England v New Zealand is the game everyone wants to see. Frankly it is crazy that there was a four-year gap between the games so the proposal that they could face off on November 4 is brilliant. No 1 v No 2. Champions v Pretenders. Bring it on.

Even if England go past the joint record of 18 consecutive victories by beating Ireland in Dublin that does mean a great deal. I have tremendous respect for the run they have put together under Eddie Jones but if they have aspirations of calling themselves the best then they have to beat the best. It's that simple. Until then the record will have an asterisk next to it.

You can only settle the debate on the pitch and let's hope all the parties can come together to make it happen. Politics and money always comes into these things, but the sport as a whole will be poorer if it does not happen, like in boxing when two champion fighters avoid facing each other. All the fans will be desperate to see it. The RFU could probably sell out Twickenham three times over.

We'll have a preview of what is to come this summer when I would expect the Lions to have a very strong England representation. Maro Itoje v Brodie Retallick, Billy Vunipola v Kieran Read, Owen Farrell v Beauden Barrett are all great match-ups. But the Lions series is a very different dynamic to a one-off Test at Twickenham. There are different coaching and playing personnel. And, of course, there's no Eddie.

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He's been a miracle worker for England. You look at the team and it is not that different to the side that crashed out of the World Cup. You look at some of their recent performances and they have been far from impressive. And yet they keep finding a way to win. A lot of that comes down to executing your skills under pressure in the final 10 minutes of a game. To sum it up in one word: trust.

In those last few moments, when a match is in the balance and a single mistake could cost you the game, you need to trust your the guys either side of you. If you don't then you tend to make bad choices. That's where England have been so good. That match against Wales was a brilliant contest but the try that won it was a case of the backs working in perfect harmony. Every pass and every run had to be perfect and it was.

The other great advantage that England have over most other teams is the strength of their replacements bench. That is what New Zealand have been masters of for years. When the All Blacks replacements come on they raise the bar and kill the game. That's what England are doing now. When you can bring the Vunipola brothers on as replacements that is serious, heavy artillery.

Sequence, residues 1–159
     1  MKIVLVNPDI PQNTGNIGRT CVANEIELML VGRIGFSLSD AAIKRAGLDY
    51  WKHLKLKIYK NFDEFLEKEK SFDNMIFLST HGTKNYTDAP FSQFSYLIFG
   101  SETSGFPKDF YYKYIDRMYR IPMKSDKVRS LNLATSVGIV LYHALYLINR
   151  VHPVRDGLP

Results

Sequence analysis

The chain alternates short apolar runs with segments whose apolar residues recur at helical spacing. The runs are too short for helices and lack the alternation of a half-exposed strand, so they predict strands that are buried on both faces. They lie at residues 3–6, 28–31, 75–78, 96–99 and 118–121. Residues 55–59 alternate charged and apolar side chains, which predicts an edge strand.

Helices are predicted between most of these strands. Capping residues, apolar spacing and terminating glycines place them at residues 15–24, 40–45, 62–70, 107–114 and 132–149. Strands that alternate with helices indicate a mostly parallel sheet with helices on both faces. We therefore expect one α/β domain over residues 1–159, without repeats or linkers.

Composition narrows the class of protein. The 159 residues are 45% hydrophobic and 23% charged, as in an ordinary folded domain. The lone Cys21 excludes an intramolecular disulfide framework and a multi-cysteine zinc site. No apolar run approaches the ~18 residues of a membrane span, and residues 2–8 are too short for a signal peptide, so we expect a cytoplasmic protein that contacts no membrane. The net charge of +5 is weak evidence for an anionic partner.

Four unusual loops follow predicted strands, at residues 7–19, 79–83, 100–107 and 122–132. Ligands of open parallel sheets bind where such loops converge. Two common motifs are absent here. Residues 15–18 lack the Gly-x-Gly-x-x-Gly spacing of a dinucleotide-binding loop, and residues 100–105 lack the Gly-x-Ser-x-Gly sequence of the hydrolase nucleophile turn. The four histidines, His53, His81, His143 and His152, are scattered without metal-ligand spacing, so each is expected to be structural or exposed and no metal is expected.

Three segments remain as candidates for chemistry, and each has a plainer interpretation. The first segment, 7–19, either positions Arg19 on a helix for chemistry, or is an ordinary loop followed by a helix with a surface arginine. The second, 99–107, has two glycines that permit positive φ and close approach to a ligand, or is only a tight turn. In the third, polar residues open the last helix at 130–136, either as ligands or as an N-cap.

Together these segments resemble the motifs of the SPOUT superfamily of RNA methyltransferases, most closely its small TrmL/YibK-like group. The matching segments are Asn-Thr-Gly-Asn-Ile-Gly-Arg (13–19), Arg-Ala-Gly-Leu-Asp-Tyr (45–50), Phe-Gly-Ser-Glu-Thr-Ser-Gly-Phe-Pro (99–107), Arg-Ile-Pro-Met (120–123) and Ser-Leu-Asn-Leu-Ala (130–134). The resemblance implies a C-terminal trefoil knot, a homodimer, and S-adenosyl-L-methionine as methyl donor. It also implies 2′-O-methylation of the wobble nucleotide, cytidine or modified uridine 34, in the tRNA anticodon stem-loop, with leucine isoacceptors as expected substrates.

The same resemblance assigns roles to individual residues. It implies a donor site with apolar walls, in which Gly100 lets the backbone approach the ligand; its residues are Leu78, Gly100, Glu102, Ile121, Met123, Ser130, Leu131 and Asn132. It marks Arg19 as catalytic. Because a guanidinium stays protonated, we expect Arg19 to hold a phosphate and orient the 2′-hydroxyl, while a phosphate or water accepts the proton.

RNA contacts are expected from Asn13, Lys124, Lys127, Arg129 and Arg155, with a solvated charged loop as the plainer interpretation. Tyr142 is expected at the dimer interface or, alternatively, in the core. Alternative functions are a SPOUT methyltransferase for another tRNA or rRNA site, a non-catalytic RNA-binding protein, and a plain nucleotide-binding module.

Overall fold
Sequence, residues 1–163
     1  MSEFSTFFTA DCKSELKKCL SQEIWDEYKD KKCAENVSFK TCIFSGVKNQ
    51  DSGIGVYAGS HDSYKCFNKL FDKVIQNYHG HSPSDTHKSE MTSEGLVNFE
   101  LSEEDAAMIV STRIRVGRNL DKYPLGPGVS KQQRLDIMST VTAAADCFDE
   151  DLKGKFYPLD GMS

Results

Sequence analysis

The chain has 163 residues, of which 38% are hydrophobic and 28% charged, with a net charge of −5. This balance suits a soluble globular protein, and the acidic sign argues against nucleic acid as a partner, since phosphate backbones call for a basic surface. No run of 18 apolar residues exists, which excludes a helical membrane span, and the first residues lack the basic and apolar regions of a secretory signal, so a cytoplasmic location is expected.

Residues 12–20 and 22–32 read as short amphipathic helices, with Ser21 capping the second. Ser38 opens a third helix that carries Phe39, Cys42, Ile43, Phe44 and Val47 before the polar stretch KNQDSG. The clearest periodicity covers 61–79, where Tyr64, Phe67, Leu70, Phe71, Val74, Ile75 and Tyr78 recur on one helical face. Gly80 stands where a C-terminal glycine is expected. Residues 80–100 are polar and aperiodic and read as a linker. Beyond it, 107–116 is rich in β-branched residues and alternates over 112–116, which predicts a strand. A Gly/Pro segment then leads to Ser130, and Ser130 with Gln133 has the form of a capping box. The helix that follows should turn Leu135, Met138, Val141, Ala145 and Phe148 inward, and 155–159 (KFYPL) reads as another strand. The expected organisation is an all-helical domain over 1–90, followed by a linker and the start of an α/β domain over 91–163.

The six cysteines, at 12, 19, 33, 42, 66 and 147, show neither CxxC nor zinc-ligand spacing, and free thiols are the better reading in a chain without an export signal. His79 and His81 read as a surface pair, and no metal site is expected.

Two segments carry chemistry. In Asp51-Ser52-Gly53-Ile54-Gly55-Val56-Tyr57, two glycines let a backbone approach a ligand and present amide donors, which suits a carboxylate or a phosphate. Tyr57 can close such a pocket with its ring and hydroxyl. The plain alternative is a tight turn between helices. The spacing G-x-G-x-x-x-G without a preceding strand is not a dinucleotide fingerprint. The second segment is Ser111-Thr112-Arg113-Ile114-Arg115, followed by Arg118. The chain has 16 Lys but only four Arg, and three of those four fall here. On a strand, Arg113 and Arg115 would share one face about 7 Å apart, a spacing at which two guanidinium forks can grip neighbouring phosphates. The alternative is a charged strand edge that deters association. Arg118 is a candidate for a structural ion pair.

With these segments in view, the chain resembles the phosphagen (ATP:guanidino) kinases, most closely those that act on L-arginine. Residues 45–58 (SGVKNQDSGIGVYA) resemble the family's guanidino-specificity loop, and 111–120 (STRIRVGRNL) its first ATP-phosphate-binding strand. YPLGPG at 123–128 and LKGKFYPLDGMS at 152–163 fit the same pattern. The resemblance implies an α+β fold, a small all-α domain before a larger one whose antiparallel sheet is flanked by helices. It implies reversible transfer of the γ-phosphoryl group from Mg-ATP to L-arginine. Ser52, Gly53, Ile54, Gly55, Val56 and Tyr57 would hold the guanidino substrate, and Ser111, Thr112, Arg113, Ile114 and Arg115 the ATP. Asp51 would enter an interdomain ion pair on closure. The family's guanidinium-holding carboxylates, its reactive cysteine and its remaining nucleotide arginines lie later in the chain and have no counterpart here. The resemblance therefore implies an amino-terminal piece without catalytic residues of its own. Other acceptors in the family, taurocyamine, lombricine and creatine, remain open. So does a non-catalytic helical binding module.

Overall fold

Not everything England have done has been so impressive. They were outsmarted by Italy in the first half and I thought it was poor that Eddie was so ungracious about that. Sometimes you just have to acknowledge that you have been taught a lesson.

Until the Scotland game, they had also been sloppy in patches and almost stumbling along. I was hugely disappointed by Scotland in that match. For the first Jonathan Joseph try, the Scottish centre does not lay a finger on him in what is a one-on-one tackle. I know he is quick but he's not that quick. Then it is game over and England really turned it on.

Ireland will be a tougher test even if they got found out slightly against Wales. All the big Irish ball-carriers were chopped down by Sam Warburton and the rest of the Welsh forwards. They'll have a 16th man on their side with it being St Patrick's weekend, but I'd still fancy England to win.

I just wonder whether part of Eddie secretly wants the run to end. You learn a lot more about your side and their character in defeat than you do in victory. There will be times when England think they are better than what they are.

That's what happened to New Zealand at the 2007 World Cup. They played sensational rugby coming into the tournament but it went to their heads.

They were quoted saying that they didn't need to practise drop goals. Then in the quarter-final against France they lost because, among other things, they couldn't drop a goal.

That's the complacency Eddie will be fighting, but sometimes you can only learn those lessons with the pain of a defeat.